What began as a Civil War training ground has transformed into one of the most iconic college football stadiums in America. Trace that history and watch as a 10,000-seat stadium is constructed and eventually grows into the modern facility that welcomes more than 80,000 fans on Saturdays in the fall.
Explore the Camp Randall Timeline
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In 1950, plans for adding an additional 10,000 seats began. At the cost of $569,000 the bleachers in the north end were to be raised to the same level as those in the west and east sides.
The project took over a year due to material shortages after the war and an extremely harsh winter. The seats were completed in September 1951 and the stadium was now able to hold 55,000 people, but was still one of the smallest in the Big Ten.
Don Gehrmann caps a great collegiate career by winning the mile and half mile races at the Big Ten-Pacific Coast intercollegiate track meet held at Camp Randall Stadium. Gehrmann won 12 Big Ten titles at UW and was a three-time NCAA champion in the 1,500 meters and mile. A member of the 1948 U.S. Olympic Team, Gehrmann set the world record in the indoor and outdoor 1,000 meters. He was inducted in to the UW Athletics Hall of Fame in 1991.
The famous “Hard Rocks” defense recovered a fumble in the end zone, returned an interception for a touchdown and recorded a safety to propel the Badgers past Ivy League opponent, Pennsylvania 16-7. Including extra points and field goals, the “Hard Rocks” outscored their opponents 58-53 during the 1951 season. UW’s defense would also lead the nation in both total (154.8 ypg) and scoring (6.6 ppg) defense.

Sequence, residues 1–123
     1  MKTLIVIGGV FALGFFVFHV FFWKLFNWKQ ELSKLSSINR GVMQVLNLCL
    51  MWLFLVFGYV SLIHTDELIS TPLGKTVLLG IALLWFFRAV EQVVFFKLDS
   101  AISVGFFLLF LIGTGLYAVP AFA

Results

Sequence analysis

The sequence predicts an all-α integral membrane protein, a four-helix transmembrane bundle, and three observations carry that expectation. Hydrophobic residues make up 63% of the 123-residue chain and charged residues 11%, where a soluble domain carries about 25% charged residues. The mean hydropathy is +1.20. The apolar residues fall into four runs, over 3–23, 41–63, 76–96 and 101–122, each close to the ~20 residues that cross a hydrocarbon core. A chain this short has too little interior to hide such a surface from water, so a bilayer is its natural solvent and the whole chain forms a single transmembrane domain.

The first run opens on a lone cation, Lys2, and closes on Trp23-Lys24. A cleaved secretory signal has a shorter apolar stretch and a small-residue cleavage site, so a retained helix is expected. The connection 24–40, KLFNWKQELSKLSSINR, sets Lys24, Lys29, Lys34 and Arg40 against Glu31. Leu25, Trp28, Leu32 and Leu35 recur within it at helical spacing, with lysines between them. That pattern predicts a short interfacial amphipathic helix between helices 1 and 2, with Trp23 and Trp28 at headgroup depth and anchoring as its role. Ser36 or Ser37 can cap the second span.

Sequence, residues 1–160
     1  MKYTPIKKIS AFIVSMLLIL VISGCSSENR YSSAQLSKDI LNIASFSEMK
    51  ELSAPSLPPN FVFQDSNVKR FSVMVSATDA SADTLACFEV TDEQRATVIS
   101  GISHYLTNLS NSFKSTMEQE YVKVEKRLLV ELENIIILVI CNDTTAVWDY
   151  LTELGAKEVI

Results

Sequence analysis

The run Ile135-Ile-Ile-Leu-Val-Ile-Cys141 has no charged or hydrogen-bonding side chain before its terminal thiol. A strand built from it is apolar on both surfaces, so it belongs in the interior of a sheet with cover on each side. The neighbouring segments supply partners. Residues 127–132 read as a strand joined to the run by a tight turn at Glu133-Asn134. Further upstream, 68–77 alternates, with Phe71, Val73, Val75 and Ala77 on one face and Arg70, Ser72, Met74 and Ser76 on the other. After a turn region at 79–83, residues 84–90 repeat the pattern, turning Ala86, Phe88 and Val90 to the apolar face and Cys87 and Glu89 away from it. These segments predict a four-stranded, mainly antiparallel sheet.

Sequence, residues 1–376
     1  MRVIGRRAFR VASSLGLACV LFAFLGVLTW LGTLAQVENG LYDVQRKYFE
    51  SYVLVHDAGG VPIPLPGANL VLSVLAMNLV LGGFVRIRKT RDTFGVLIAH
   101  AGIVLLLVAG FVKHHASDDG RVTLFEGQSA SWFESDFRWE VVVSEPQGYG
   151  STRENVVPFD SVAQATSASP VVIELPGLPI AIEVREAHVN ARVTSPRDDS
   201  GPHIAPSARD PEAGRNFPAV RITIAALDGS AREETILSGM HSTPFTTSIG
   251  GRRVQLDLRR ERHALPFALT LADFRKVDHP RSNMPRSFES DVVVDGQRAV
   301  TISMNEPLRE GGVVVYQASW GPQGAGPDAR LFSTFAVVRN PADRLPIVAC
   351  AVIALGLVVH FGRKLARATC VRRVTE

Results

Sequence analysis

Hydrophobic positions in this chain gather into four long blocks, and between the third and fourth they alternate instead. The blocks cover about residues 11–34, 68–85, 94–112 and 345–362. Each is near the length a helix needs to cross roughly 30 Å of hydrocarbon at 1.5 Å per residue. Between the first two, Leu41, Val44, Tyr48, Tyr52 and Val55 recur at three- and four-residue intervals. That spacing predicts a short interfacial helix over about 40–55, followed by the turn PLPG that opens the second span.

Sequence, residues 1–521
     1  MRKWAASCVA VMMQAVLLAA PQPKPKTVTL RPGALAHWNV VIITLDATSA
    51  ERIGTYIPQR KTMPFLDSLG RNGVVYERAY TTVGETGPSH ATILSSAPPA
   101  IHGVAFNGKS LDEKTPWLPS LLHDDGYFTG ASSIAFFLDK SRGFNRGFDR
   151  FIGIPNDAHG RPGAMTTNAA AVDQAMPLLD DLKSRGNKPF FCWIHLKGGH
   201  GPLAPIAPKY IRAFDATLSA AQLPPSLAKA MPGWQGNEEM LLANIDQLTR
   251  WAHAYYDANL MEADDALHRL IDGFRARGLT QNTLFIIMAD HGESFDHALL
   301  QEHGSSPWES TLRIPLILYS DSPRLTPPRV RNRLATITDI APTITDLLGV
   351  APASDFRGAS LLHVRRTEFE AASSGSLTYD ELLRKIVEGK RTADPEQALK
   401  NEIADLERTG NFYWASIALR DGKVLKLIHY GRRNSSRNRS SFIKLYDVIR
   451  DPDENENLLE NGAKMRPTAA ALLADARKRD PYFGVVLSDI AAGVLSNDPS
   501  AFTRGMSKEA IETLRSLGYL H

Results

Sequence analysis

With the 21-21 tie against rival Minnesota, the Badgers earned a share of the Big Ten title and advanced to their first Rose Bowl.
1954 Heisman Trophy winner, Alan Ameche, was carried off the field after his final home game on senior day, as the Badgers downed Minnesota 27-0. Clarence Bratt set a Big Ten record with four interceptions in the game, and as a team, the Badgers tallied a Big Ten-record six interceptions.
Milt Bruhn earns his only victory of the season in his head coaching debut as the UW defeats Marquette 41-0 at Camp Randall Stadium.
Sidney Williams, the first African-American starting quarterback in the modern Big Ten Conference, makes his second career start at quarterback and leads the Badgers to a season-ending 13-13 tie against 7th-ranked Minnesota.
After near capacity over the past few seasons, the Board of Regents decided to lower the field and add 10,000 more seats. These new seats would eliminate the track and most of the new seats would be placed along the sidelines. By 1958, the $482,000 project was completed and the capacity had increased to 63,710.
By beating the Hawkeyes 25-16, Wisconsin started their march towards their first outright Big Ten title and to the 1960 Rose Bowl. The win was also coach Milt Bruhn’s first victory over Iowa while at the helm of the Badgers.
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Wisconsin opens the season with a 69-13 win at home over New Mexico State. The 69 points are a then-modern-era school record that stood until 2010.
The heralded matchup between Wisconsin’s quarterback Ron Vander Kelen and wide receiver Pat Richter against Northwestern’s quarterback Tom Meyers and wide receiver Paul Flatley was over soon into the second half. Wisconsin scored 21 points early in the third to seal the game and upset the top-ranked Wildcats 37-6.
Wisconsin ends its season with a 14-9 win over No. 5 Minnesota, clinching its eighth Big Ten title.
In 1964, the regents decided to add more seating after a number of successful seasons had brought more and more people to the stadium. This time, the plan was to go up. The second deck along the west side was to be constructed with the addition of a press box (freeing up more seats in the bleachers). The project was completed in time for the 1965 season and brought the capacity up to 77,745.